Sunday, 25 October 2020

Convert UEFI to BIOS

UEFI to BIOS.md

Convert UEFI VM to BIOS MBR (Windows, Nutanix AHV)

What happens if you have a disk image configured for a UEFI machine, but you need to boot from BIOS? UEFI boot uses GPT disks, BIOS uses MBR. Microsoft’s guide to convert GPT to MBR requires the disk is empty, that doesn’t help if you need to boot the UEFI image on a BIOS machine…

In my case, my Nutanix home lab isn’t able to boot UEFI reliably and therefore I was unable to use all of my older VMware machines in this system. Nutanix does support UEFI booting, but in my case I believe my hardware is unable to support this.

There may be other reasons, such as migrating a newer machine to an older virtualisation platform, or even converting a physical disk from a newer machine to boot on an older machine.

There are several changes required to allow an image configured for UEFI boot to be able to boot from BIOS. BIOS requires MBR partitioned disks, while UEFI utilises GPT partitioning. UEFI accesses boot files in a dedicated boot partition, while BIOS uses a partition marked as “active” with the required boot files on this partition. BIOS also requires a “Master Boot Record” on the disk which is configured as the boot device.

The steps to switch from UEFI to BIOS are essentially:

  • Install a blank, new disk in the system
  • Initialise the new disk as MBR
  • Create a new, active partition
  • Clone the contents of the original GPT system partition to the new MBR disk partition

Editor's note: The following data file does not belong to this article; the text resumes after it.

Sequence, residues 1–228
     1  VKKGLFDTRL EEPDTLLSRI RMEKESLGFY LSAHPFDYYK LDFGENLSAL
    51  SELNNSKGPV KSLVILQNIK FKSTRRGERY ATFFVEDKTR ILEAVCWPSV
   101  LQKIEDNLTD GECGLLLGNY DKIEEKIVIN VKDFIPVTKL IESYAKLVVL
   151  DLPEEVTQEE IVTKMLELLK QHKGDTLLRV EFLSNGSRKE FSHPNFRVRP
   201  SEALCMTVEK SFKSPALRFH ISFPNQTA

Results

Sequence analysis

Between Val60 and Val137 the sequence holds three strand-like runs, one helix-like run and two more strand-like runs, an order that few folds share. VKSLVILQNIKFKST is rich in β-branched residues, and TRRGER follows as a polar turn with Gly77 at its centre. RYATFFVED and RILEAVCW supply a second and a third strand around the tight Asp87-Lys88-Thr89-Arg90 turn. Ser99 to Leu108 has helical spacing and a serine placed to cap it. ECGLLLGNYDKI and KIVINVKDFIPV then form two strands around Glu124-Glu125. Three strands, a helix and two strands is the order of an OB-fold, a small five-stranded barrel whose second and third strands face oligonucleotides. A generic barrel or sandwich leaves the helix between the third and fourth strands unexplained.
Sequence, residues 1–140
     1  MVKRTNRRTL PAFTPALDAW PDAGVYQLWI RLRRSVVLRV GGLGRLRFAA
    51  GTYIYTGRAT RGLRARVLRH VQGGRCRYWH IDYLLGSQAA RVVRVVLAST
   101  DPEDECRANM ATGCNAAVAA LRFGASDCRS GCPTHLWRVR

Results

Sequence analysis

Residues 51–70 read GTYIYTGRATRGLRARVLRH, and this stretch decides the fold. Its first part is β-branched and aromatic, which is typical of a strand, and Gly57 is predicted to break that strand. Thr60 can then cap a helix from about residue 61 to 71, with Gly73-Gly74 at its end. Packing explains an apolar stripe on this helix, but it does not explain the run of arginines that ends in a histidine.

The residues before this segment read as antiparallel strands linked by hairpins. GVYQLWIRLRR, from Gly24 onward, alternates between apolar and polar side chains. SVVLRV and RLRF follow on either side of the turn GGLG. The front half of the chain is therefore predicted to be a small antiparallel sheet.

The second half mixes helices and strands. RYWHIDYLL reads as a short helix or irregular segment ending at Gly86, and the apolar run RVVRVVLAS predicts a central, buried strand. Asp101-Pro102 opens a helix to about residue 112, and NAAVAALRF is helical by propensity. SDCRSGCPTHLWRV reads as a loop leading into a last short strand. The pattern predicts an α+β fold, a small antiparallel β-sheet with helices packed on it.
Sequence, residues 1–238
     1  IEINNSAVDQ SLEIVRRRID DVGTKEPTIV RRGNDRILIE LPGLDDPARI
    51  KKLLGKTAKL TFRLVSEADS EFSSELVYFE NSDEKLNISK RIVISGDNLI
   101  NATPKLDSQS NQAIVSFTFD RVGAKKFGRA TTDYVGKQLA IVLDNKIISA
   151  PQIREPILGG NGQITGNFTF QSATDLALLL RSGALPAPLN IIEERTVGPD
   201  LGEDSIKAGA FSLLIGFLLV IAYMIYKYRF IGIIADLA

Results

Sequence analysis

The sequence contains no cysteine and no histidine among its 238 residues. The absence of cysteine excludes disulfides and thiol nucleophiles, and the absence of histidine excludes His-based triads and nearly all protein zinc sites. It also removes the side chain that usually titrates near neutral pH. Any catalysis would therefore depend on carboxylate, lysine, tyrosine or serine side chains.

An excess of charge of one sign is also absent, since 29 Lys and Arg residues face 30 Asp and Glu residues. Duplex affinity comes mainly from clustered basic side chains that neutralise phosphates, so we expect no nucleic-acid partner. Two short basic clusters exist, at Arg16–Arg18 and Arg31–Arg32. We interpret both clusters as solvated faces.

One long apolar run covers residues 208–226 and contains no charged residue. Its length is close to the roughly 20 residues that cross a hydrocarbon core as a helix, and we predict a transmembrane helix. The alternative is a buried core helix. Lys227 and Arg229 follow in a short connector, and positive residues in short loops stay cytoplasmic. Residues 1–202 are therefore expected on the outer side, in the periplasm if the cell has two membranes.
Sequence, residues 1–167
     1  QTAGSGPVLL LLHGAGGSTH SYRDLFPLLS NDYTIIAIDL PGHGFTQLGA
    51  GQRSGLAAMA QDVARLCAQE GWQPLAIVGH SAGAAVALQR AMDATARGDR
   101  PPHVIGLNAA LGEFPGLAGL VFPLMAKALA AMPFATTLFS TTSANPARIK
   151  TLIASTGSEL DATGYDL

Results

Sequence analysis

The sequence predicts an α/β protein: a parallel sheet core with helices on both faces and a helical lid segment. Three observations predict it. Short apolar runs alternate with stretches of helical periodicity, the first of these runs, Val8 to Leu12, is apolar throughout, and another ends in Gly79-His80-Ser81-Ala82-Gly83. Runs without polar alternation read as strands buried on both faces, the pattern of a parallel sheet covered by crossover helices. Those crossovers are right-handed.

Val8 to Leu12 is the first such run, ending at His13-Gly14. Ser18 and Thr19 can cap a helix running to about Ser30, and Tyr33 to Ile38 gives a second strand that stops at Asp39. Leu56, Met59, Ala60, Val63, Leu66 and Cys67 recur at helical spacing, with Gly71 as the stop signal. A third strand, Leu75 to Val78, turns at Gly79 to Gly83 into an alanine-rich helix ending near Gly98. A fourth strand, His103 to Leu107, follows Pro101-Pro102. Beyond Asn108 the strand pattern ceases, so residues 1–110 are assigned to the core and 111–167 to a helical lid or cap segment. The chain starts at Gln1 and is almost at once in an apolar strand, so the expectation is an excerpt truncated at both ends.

• Write an MBR to the new disk
  • Add the required boot files
  • Update the windows BCD (Boot Configuration Data)

For more information on the Windows boot process, check this Wikipedia article.

The steps in this guide are all performed on a Nutanix AHV CE system, but most of the steps should work on other virtualisation platforms or on a physical machine with appropriate disks and a DVD-ROM or USB to boot the required tools.

IMPORTANT before attempting any of these steps make sure you have a known good backup of your original image in case of problems. The steps here could be destructive.


I’m starting here with a single GPT disk image that contains the boot partition for the machine. I have created a virtual machine in Nutanix, with a basic 2 CPU and 4 GB RAM configuration, but 1 CPU and 1 GB should be enough for the boot tools that are needed. Once the image is able to boot, then other data disks can be added as required.

If this is another hypervisor or a physical machine and the machine doesn’t boot or doesn’t detect the disk in Hiren’s Boot CD, investigate connecting the disks using an IDE adapter or changing the “IDE / AHCI” mode to IDE in the physical machine BIOS.

Start by adding the original disk to the machine on an IDE bus. I’m using IDE so that Hiren’s boot CD is able to see the disk without injecting drivers. Also because the original disk image does not have the virtual SCSI drivers installed. I will convert to SCSI later.

Adding the original disk

Add another fresh disk of the same size or greater than your primary boot partition as IDE

Adding the new disk

Add Hiren’s boot CD and boot the machine. If you are using a physical machine you could use Rufus to create a bootable USB.

Add Hiren's Boot CD